iamMJae
  • iamMJae
If it exists, what is:
Mathematics
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katieb
  • katieb
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iamMJae
  • iamMJae
\[\lim_{h \rightarrow 0}\frac{ f(3+h)-f(3) }{ h }\]
Zale101
  • Zale101
What is the function f ?
iamMJae
  • iamMJae
Function f? There should be a definition for f(x)?

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Zale101
  • Zale101
I'm sorry @iamMJae. You're question is not fully written. You need to have some function. If you want to go ahead and sub x=0, you'll get a 0 in the denominator which makes it undefined.
iamMJae
  • iamMJae
That's all we got. All the question says: If it exists, what is: \[\lim_{h \rightarrow 0}\frac{ f(3+h)-f(3) }{ h }\]
nincompoop
  • nincompoop
if what exists?
iamMJae
  • iamMJae
If I understand the question correctly, it's the limit. "If the limit exists..."
nincompoop
  • nincompoop
does it exist?
freckles
  • freckles
do you know the definition of the derivative (if it exist)
nincompoop
  • nincompoop
can a limit exist without a function?
freckles
  • freckles
well the question says what is the limit if it exists and if exists then we know another we know the value to be...
freckles
  • freckles
that is if \[\lim_{h \rightarrow 0}\frac{g(a+h)-g(a)}{h} \text{ exists } \\ \text{ we call this value } \frac{dg(x)}{dx}|_{x=a}\]
freckles
  • freckles
and that is all I can do without knowing what g actually is
freckles
  • freckles
or f in your case
nincompoop
  • nincompoop
anonymous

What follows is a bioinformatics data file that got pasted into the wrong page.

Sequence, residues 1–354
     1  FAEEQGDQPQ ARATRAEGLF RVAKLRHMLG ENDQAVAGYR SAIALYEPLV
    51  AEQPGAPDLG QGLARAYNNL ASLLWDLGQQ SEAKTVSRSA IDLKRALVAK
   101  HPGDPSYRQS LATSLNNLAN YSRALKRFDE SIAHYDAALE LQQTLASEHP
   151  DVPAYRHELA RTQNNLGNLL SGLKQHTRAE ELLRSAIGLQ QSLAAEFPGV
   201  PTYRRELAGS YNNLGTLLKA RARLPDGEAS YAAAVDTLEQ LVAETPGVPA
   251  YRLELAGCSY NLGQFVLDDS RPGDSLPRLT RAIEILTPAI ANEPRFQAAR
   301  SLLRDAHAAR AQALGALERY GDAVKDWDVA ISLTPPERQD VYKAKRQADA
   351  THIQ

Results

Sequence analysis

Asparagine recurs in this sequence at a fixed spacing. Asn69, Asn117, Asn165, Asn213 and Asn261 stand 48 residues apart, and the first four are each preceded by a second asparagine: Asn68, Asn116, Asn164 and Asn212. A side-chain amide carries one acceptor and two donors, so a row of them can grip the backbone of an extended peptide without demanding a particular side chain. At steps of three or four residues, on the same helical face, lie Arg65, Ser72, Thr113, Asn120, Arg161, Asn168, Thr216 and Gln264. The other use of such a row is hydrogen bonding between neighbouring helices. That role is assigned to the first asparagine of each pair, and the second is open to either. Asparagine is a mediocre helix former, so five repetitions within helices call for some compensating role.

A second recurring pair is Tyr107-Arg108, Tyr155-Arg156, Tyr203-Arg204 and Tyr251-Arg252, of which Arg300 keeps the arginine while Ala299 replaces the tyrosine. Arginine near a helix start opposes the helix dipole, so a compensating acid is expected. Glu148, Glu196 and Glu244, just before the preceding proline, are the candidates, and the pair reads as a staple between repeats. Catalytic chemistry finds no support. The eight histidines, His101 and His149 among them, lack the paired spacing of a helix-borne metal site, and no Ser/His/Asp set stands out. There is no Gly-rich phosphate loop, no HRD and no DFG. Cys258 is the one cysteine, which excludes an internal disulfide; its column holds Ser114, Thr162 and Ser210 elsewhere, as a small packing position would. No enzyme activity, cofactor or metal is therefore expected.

• anonymous
It simply is \(f'(3)\)
iamMJae
  • iamMJae
@mukushla How did it become \[f'(3)\] ?
freckles
  • freckles
He used definition of derivative
freckles
  • freckles
This is what I gave you above except your f is my g and your 3 is my a
iamMJae
  • iamMJae
@freckles The derivative is supposed to be the limit? I'm now confused.
freckles
  • freckles
The derivative of g at a is the way I defined it above
iamMJae
  • iamMJae
But we're looking for the limit.
freckles
  • freckles
http://tutorial.math.lamar.edu/Classes/CalcI/DefnOfDerivative.aspx see the definition.. Though I already wrote it above
anonymous
  • anonymous
@iamMJae you don't have the function, but question says "if the limit exists", this means if the limit exists the value of it will be \(f'(3)\), whatever \(f(x)\) might be.
iamMJae
  • iamMJae
I'm still quite confused but... We can conclude this problem with, "If it exists, the limit is \[f'(3)\]"?
ZeHanz
  • ZeHanz
There should be a little more info here imo. We have to assume there is some function f, with some formula to calculate values of it. You then could calculate the given limit. If THAT exists, it is, by definition, the derivative of f in x=3, so yes, if this limit exists, it is \(f'(3)\)
mathmate
  • mathmate
The question is a check for the understanding of the definition of derivatives. It gave the definition of the derivative and see if the students can recognize it, so there is nothing unclear about the question. @mukushla gave a direct answer.
ZeHanz
  • ZeHanz
@mathmate: I'm sure the original question was clear, it's just that @iamMJae was a little terse in her question here.

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